WEDNESDAY, 5:08 pm: Jon Morosi of MLB.com also hears that Cromie is the frontrunner to land the position. Alderson told reporters (including Janes) that no decision has been finalized yet, however, and said multiple candidates remain.
WEDNESDAY, 11:10am: Cromie and Cohen met face-to-face Tuesday night, according to Joel Sherman of the New York Post. According to Sherman, “The expectation was that if that meeting went well that Cromie would be made an offer to be the Mets general manager.”
TUESDAY, 2:48pm: Cromie has a “real shot” to be named the Mets’ next general manager, tweets Joel Sherman of the New York Post. The team’s interest in him is “serious,” tweets SNY’s Andy Martino, though he also adds that there are still a few other candidates in the mix.
12:25pm: After weeks of courting high-profile executives to step in as president of baseball operations, the Mets are now focused on hiring a general manager, Sandy Alderson told reporters Tuesday (Twitter links via Deesha Thosar of the New York Daily News).
It’s an important distinction in terms of title, even if the end result — bringing someone into the organization to oversee baseball operations — is largely the same. Focusing on a general manager rather than a president role further signals that the Mets will be zeroing in on executives who are at the assistant GM level rather than mining other clubs in hopes of prying away an existing GM or president of baseball ops, as they’d previously sought to do. Alderson emphasized that he does not believe the Mets will get to the point where he runs baseball operations himself (Twitter link via Newsday’s Tim Healey) — a role to which he does not wish to return.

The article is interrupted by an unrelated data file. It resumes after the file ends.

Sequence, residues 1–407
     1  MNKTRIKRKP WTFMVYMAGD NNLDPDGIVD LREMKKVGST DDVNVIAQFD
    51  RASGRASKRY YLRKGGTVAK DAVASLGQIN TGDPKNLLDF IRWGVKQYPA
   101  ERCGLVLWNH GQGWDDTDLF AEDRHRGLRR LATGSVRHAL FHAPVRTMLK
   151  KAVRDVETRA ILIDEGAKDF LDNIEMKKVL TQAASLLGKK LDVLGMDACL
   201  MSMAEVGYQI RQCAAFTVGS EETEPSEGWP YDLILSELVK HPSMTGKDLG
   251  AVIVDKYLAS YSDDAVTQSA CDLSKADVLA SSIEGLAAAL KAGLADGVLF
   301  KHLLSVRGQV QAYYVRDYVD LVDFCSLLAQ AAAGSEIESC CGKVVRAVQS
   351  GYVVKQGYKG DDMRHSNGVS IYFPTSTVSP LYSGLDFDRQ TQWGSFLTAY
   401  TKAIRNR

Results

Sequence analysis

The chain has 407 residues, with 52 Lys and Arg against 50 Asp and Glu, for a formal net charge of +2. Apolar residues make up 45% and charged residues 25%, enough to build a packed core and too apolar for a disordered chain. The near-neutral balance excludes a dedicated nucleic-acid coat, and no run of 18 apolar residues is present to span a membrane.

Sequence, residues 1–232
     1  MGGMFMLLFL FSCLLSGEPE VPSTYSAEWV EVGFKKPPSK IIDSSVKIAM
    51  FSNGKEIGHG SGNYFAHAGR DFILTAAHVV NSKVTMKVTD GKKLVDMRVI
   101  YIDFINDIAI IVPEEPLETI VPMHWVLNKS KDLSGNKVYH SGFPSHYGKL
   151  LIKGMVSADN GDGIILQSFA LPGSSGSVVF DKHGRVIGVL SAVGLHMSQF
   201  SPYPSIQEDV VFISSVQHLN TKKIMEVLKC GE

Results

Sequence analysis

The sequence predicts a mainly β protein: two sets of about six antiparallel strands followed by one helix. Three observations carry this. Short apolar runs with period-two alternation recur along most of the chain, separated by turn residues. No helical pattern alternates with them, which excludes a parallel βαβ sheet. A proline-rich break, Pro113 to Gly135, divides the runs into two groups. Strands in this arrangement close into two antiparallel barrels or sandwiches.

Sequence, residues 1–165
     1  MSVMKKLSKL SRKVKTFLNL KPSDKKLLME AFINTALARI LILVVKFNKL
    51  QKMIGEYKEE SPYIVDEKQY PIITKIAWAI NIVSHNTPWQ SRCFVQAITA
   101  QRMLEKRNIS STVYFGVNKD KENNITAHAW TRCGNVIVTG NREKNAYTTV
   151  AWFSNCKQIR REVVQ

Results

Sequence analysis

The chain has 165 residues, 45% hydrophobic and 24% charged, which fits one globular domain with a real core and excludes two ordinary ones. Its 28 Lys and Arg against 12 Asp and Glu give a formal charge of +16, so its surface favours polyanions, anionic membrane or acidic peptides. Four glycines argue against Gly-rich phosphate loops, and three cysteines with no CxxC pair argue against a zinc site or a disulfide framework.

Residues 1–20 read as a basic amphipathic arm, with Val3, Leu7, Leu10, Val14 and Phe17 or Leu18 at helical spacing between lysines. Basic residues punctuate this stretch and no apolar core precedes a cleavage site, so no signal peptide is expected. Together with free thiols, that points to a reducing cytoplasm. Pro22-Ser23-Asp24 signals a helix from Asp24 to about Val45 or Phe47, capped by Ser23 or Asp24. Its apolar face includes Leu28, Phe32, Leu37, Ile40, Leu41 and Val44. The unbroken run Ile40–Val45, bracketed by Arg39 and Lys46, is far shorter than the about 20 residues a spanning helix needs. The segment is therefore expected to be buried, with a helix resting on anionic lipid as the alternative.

Focusing on the AGM ranks broadens the field of possibilities for the Mets, although it also means the Mets may settle on a less-experienced baseball ops leader than originally hoped. That’s not necessarily inevitable, however; there are plenty of former GMs in non-GM roles around the sport. Dodgers senior vice president of baseball operations Josh Byrnes, for instance, has been a rumored candidate and previously served as GM of two different NL West clubs (Padres, D-backs).
Alderson declined to put a timeline on the search’s outcome but did note that a managerial hire likely wouldn’t be made until a new baseball operations leader is in place. Alderson’s hope, Mike Puma of the New York Post tweets, is that they’ve already spoken to the candidate they’ll eventually hire. As for the struggles in terms of making this hire, Alderson rather candidly acknowledged that there’s been a struggle (video link via SNY).
“In some cases, we haven’t gotten permission [to interview a candidate with another organization],” Alderson said. “In some cases, I think people are comfortable where they are — whether it be a family situation or something professional. And in other cases, I think, admittedly, there’s a reluctance to come to New York — but I think it’s mostly about New York and not about [owner Steve Cohen], or the organization. It’s a big stage, and some people would just prefer to be elsewhere.”
One possible name that has recently emerged is that of former Nationals assistant GM Adam Cromie. Chelsea Janes of the Washington Post reports (via Twitter) that Cromie is “in the mix” of candidates for the vacancy. He stepped away from the Nationals and from baseball in general back in 2017 to work at a law firm in Pittsburgh, per Janes. The Post’s Barry Svrluga notes that Cromie joined the Nats out of grad school and rose through the front-office ranks while putting himself through law school in the evenings before eventually deciding to fully pursue that legal career.